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Solid Earth An interactive open-access journal of the European Geosciences Union

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Solid Earth, 4, 75-92, 2013
© Author(s) 2013. This work is distributed under
the Creative Commons Attribution 3.0 License.
Review article
13 Feb 2013

Exhumation of (ultra-)high-pressure terranes: concepts and mechanisms
C. J. Warren Department of Environment, Earth and Ecosystems, CEPSAR, The Open University, Walton Hall, Milton Keynes, MK7 6AA, UK
Abstract. The formation and exhumation of high and ultra-high-pressure, (U)HP, rocks of crustal origin appears to be ubiquitous during Phanerozoic plate subduction and continental collision events. Exhumation of (U)HP material has been shown in some orogens to have occurred only once, during a single short-lived event; in other cases exhumation appears to have occurred multiple discrete times or during a single, long-lived, protracted event. It is becoming increasingly clear that no single exhumation mechanism dominates in any particular tectonic environment, and the mechanism may change in time and space within the same subduction zone. Subduction zone style and internal force balance change in both time and space, responding to changes in width, steepness, composition of subducting material and velocity of subduction. In order for continental crust, which is relatively buoyant compared to the mantle even when metamorphosed to (U)HP assemblages, to be subducted to (U)HP conditions, it must remain attached to a stronger and denser substrate. Buoyancy and external tectonic forces drive exhumation, although the changing spatial and temporal dominance of different driving forces still remains unclear. Exhumation may involve whole-scale detachment of the terrane from the subducting slab followed by exhumation within a subduction channel (perhaps during continued subduction) or a reversal in motion of the entire plate (eduction) following the removal of a lower part of the subducting slab. Weakening mechanisms that may be responsible for the detachment of deeply subducted crust from its stronger, denser substrate include strain weakening, hydration, melting, grain size reduction and the development of foliation. These may act locally to form narrow high-strain shear zones separating stronger, less-strained crust or may act on the bulk of the subducted material, allowing whole-scale flow. Metamorphic reactions, metastability and the composition of the subducted crust all affect buoyancy and overall strength. Future research directions include identifying temporal and spatial changes in exhumation mechanisms within different tectonic environments, and determining the factors that influence those changes.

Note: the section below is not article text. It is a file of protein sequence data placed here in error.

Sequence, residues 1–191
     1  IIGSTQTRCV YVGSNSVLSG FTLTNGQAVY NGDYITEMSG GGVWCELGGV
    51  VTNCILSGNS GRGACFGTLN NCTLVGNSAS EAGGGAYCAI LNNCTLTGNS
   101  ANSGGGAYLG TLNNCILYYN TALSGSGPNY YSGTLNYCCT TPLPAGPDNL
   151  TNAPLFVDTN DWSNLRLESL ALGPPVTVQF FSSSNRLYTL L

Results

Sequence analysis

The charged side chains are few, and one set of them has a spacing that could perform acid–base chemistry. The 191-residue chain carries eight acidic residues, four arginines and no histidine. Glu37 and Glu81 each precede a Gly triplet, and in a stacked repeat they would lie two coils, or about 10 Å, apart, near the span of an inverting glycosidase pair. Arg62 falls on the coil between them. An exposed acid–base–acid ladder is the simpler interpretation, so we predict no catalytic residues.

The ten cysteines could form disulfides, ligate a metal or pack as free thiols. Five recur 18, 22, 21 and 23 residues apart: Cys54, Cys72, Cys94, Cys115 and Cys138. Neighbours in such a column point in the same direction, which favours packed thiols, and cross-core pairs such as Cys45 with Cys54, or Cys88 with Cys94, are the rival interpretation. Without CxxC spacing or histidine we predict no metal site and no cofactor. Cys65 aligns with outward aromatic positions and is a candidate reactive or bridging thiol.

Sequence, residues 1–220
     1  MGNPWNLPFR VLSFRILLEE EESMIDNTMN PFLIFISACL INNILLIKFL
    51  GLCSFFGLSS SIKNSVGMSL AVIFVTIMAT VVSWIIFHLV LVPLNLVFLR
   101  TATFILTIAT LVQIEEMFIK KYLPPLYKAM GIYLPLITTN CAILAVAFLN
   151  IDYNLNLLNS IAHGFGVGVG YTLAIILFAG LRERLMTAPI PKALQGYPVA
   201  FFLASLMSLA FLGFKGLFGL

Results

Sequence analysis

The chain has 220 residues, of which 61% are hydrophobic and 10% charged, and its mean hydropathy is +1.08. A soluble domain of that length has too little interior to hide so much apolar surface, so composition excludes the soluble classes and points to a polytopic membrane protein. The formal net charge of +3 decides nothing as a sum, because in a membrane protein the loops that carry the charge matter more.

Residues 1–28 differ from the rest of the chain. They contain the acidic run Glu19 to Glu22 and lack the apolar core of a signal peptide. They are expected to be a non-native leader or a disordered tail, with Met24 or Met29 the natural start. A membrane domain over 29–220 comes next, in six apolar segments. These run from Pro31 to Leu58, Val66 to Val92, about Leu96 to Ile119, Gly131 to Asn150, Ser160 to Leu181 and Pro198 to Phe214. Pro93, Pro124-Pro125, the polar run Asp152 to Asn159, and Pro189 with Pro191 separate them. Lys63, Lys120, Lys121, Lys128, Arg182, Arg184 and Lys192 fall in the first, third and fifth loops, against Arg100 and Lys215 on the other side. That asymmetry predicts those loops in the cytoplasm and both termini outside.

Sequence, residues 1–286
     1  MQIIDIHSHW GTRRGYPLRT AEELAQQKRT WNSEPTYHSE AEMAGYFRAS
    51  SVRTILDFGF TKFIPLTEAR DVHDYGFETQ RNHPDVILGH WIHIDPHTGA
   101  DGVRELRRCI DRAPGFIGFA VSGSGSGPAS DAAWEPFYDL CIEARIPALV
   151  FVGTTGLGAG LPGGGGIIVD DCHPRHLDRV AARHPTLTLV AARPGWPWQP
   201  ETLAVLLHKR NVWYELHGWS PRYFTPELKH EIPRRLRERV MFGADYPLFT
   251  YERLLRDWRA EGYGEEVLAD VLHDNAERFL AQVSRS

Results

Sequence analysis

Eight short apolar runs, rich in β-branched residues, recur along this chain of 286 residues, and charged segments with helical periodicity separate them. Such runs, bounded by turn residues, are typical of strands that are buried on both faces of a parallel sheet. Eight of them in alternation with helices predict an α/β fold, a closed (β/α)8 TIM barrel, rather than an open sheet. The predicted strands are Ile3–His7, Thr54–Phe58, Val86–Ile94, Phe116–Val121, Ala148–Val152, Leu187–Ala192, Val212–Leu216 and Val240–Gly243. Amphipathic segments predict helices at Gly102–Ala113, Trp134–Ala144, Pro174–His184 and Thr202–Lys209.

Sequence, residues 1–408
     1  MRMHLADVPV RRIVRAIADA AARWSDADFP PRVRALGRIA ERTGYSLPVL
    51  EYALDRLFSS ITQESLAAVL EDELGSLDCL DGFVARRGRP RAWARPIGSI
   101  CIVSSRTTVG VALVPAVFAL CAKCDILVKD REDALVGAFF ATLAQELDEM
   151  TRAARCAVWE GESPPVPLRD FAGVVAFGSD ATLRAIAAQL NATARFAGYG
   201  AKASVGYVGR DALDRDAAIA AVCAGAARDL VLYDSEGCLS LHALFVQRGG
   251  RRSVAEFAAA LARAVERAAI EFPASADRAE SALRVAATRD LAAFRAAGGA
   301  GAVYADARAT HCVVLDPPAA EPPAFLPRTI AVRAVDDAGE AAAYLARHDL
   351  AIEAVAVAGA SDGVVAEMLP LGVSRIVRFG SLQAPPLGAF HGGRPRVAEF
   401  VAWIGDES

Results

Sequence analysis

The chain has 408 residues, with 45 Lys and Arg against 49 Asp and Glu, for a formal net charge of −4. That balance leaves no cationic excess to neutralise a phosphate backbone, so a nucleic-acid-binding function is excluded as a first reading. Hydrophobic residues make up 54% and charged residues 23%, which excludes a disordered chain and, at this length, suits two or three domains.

Citation: Warren, C. J.: Exhumation of (ultra-)high-pressure terranes: concepts and mechanisms, Solid Earth, 4, 75-92,, 2013.
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